I just started playing the Last of Us Part 2 this week and I have been having a blast. I forgot how much build-up it took before Ellie’s part of the story began. Anyway, I played Vernal Edge this week. A snarky little girl attempts to find her dad and stop, what I think, is the end of the world.
Let us play another METROIDVANIA demo
Vernal Edge is a Metroidvania from Hello Penguin Team LLC and will be published by PID Games. The game will release for the PC… SOMETIME (release date: Coming soon).
Sometime after the world has gone to shit and begun to float into the sky, the player takes the role of a young girl named Vernal, fueled by vengeance, looking for her father to uncover the truth of the world and herself. As she travels from floating island to island she picks up quirky friends and they travel together on a stolen pirate ship to find her father, search for treasure, and kill creepy-looking bad guys.
Another one of those standard Metroidvania rants. The best part about the game is that Vernal Edge’s demo gives you the ability to go fast on the fucking rip. Backtracking is a large part of the game. One of the major floating islands is an arboretum where the plants have overtaken the entire island. There is a key somewhere and you have to find it to unlock another door to acquire a power-up that will allow you to access a new area in a different area of the map.
Lots of platforming in this video game. I was having a hard time getting my Steam controller to operate properly, so I ended up giving up and attempted to navigate the game with the really wonky keyboard controls. Platforming is a huge factor, getting to collectibles and upgrades requires honed platforming skills. Even in the arboretum, there are rooms that have thorns all over the walls and it requires some skill to get through. Getting through levels solely dedicated to platforming is always so rewarding.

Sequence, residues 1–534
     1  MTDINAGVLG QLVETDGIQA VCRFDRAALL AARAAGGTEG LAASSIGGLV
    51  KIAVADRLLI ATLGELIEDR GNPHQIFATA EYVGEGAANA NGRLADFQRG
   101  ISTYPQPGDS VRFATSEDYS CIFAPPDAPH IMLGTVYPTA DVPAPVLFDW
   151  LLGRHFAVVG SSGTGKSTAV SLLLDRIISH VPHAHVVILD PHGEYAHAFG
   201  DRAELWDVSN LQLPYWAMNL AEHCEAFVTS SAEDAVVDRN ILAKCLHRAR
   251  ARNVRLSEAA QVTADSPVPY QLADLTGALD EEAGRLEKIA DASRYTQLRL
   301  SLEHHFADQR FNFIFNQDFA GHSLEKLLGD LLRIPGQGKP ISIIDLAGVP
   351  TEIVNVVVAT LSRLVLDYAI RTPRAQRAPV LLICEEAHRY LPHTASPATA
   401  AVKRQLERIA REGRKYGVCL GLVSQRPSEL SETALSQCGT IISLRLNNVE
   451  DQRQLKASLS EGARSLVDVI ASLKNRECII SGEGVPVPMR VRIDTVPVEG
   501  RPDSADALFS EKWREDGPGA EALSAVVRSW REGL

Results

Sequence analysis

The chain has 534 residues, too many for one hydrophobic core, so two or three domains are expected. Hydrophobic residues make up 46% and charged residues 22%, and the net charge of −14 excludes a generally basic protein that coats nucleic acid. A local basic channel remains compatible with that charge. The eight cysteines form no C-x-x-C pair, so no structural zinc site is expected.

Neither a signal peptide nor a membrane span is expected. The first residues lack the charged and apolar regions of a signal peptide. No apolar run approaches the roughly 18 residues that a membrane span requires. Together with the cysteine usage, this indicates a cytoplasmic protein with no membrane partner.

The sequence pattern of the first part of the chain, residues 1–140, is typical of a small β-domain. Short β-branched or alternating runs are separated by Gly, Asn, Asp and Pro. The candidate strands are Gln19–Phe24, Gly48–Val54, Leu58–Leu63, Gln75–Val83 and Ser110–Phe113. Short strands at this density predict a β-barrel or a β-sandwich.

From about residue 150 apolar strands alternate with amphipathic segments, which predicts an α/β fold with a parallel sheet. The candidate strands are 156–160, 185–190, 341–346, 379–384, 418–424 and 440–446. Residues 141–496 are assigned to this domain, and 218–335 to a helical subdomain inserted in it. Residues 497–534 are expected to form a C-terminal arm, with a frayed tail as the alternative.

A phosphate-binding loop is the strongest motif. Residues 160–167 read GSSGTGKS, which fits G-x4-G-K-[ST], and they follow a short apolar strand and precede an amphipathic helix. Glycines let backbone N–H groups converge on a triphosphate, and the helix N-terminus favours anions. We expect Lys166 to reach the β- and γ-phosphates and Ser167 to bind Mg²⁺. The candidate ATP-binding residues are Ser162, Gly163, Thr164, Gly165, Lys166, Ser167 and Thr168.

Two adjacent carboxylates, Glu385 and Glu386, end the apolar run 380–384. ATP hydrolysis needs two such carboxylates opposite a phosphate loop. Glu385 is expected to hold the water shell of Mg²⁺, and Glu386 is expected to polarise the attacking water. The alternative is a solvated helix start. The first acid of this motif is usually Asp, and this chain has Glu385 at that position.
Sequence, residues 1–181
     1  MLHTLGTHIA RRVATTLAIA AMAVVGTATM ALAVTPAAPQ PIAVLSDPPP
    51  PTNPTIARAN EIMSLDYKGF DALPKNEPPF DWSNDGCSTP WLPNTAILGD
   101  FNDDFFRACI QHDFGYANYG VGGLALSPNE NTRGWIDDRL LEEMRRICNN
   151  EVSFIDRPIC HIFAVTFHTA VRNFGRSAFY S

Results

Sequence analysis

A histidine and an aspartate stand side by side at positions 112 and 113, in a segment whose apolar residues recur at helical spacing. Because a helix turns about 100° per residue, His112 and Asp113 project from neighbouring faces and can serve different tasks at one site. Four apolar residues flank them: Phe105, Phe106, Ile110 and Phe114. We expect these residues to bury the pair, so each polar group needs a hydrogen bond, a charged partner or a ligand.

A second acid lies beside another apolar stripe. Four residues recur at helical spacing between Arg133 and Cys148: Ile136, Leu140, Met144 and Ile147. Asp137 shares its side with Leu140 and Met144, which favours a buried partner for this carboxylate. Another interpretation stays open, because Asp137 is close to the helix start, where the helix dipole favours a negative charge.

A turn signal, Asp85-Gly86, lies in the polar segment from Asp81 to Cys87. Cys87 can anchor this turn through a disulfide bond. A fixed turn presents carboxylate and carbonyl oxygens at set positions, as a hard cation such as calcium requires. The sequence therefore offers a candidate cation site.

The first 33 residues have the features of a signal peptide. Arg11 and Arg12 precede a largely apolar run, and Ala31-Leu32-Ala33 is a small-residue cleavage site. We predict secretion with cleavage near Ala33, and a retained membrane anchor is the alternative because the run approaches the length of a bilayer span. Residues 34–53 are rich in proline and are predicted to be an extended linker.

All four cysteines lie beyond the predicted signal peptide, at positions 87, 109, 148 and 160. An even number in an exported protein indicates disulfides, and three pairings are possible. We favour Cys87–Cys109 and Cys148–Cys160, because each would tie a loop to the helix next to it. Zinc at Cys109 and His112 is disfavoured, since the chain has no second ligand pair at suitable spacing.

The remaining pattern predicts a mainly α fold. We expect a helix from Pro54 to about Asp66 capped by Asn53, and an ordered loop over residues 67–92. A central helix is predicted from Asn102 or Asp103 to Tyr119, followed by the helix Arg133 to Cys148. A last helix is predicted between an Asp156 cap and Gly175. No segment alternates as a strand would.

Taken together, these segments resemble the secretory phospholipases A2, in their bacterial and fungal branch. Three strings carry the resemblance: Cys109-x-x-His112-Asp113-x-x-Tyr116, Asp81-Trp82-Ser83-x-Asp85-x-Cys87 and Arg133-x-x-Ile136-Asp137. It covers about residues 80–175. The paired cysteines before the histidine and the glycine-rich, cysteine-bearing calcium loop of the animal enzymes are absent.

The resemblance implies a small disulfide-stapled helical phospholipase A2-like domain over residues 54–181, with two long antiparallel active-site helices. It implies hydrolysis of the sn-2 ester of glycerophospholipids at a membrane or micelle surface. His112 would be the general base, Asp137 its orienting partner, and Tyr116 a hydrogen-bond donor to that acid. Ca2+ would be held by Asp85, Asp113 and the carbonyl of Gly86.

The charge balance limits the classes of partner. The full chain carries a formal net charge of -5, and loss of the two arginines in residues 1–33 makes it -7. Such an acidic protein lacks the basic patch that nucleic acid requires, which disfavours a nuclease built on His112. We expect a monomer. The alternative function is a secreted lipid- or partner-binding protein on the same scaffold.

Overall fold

Combat is where the game shines, honestly. Vernal has a health bar and so do the bad guys. Vernal can block and even parry. Bad guys have a number of blue orbs above their heads indicating how many times they can be parried to then be stunned. Stunned enemies will not attack for a small amount of time, so it lets the player beat up the bad guys without any issues. Combat is actually really fun because the game gives the player the ability to dash super early. Vernal, I think, has the ability to do magic because she has a series of button presses to activate a magic attack to damage enemies. The demo allows the player to map at least one magic attack in the menu. Magic adds a lot of depth to the combat, even in the demo. There were moments when combo-ing with magic makes situations lethal from the beginning.
You have your obligatory bad guys in Vernal Edge: Small, easy baddy, flying baddy, self-destructing baddy, and huge baddy that hits really hard. Vernal has a lot of health but she can still only be hit a few times before the game over screen appears. Enemies all have attacks that are incredibly readable. It only took me a few hits to be able to understand each attack of each type of enemy.
Vernal Edge is a crisp-looking video game. Even when you are moving at supersonic speeds with the dash ability the game looks really good. The arboretum is something of true wonder. The backdrops look really clean. It adds so much to a game when everything looks so beautiful.
The music has that old Ps1 and Nintendo RPG feeling to it. It’s nice, I like it.
Vernal Edge’s demo is something nice. The ability to dash early makes combat and traversal exceptional. The characters that are introduced are interesting and funny, and the game looks. The demo was around an hour long for me and I had a blast with it even with the janky keyboard controls.